On a regenerative farm biological production and ecological structure grow more complex over time. Yields increase while external inputs decrease. 

 

Peace, Estwing

Regenerative Agriculture: The Popular Face of Permaculture

“Hippy farms always fail.” These were the words of Chuck Barry, a small-scale organic farmer I met in Montrose, Colorado about ten years ago. Chuck made a comfortable living growing high quality vegetables on two acres in a dry and seasonally cold environment that may be compared with Central Otago high country.

His comment was based on observations of some people going into farming with good intentions but little understanding of the amount of work involved and inadequate business sense. There is popular, quaint, romantic notion among many people about growing food organically. But at the end of the day, when faced with actually doing it, most hippies opt out because it turns out to be just too hard.

On the other end of the spectrum – as we have been hearing recently in the news – many conventional farms also fail. Conventional farming wisdom over the last decade goes something like this: 1) borrow lots of money from the bank; 2) convert to dairy; 3) borrow more money; 4) rely on ever-increasing dairy pay outs; 5) borrow more money; 6) rely on ever-increasing land prices; 7) get rich; 8) what could possibly go wrong?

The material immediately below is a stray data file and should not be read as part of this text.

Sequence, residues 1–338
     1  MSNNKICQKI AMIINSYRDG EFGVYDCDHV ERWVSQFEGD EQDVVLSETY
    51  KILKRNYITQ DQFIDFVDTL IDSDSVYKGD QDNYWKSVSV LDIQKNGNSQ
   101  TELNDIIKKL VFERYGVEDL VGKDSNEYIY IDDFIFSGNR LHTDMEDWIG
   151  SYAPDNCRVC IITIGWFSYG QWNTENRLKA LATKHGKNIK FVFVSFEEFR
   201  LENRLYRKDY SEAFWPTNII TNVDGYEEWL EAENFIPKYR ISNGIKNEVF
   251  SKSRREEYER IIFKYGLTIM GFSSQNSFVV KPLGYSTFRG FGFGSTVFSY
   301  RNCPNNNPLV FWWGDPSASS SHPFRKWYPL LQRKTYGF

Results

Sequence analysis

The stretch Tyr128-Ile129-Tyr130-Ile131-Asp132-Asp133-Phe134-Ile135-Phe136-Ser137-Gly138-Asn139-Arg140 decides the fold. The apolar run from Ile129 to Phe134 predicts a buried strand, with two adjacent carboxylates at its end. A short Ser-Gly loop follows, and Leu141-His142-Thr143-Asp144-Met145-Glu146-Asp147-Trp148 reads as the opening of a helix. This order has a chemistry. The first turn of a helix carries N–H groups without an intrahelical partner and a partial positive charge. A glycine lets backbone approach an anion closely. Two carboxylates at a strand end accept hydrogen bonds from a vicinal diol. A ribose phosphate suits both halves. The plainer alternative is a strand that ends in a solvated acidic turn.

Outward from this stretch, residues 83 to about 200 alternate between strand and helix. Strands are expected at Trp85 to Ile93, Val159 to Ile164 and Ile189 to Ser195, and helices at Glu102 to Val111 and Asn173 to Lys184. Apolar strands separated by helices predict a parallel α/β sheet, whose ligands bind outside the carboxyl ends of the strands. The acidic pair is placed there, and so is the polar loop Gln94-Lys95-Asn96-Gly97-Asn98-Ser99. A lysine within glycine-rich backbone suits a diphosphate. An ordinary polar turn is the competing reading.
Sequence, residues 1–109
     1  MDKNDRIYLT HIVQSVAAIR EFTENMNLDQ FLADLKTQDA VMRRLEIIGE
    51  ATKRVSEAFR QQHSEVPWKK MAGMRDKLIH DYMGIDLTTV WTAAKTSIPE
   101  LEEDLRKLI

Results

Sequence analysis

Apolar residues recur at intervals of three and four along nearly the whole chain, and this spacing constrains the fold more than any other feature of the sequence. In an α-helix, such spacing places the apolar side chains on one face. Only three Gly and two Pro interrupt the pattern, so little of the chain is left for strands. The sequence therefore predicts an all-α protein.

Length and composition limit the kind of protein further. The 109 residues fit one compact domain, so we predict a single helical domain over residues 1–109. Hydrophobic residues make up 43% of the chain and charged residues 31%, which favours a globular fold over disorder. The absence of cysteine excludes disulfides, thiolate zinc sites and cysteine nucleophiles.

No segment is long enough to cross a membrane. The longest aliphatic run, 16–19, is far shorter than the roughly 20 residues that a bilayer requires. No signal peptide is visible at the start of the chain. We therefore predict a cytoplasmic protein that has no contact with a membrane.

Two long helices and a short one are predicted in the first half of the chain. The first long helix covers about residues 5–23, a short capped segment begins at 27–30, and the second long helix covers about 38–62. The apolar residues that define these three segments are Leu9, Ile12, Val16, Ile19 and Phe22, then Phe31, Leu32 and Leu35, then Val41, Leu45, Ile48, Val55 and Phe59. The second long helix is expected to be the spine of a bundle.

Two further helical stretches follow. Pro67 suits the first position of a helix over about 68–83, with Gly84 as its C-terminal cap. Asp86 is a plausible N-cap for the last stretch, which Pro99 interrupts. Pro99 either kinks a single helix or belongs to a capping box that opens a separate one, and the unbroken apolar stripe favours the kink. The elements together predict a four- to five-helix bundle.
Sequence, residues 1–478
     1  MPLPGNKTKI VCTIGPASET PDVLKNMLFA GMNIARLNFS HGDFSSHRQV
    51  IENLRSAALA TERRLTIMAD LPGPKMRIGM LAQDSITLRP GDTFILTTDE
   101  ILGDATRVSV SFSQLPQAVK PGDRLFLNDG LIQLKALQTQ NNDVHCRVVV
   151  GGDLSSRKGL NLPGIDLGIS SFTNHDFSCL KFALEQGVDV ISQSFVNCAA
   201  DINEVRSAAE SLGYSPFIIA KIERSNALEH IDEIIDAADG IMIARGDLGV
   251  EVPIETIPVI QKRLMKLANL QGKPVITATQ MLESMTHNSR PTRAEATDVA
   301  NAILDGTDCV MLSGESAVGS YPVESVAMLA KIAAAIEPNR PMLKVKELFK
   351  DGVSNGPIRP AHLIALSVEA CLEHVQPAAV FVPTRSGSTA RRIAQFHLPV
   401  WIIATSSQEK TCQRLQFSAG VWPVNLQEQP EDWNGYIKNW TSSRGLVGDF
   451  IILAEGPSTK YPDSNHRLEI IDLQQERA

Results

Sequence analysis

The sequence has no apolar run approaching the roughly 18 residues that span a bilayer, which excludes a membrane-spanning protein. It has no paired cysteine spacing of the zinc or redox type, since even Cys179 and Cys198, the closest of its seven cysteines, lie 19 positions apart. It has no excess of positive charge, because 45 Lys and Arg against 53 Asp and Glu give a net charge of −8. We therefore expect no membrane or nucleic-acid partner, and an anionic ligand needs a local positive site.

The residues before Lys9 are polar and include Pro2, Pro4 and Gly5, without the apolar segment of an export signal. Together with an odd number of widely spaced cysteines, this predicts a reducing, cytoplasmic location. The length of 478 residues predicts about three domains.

Well, now we know. Dairy pay outs have fallen through the floor and many farmers are pushed to the wall.

On one hand I feel sorry for those famers who have to sell because of their now un-payable debts. But on the other hand, I question why they bought into the paradigm described above in the first place, which appears to me to be very risky.

Alongside financial debt, many conventional farms also run a large soil debt. We see it every day flowing past our city and out into the Tasman Sea.

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Like financial debt, soil debt is difficult to repay but not impossible. Rebuilding soil fertility while growing food is sometimes called regenerative agriculture. Regenerative agriculture can include organic farming practices, some biodynamic techniques, and holistic range management. All three of these fall within the scope of the eco-design system known as permaculture. I see permaculture as the middle ground between failed hippy farms and failed conventional farms. Screen Shot 2015-09-04 at 10.05.45 am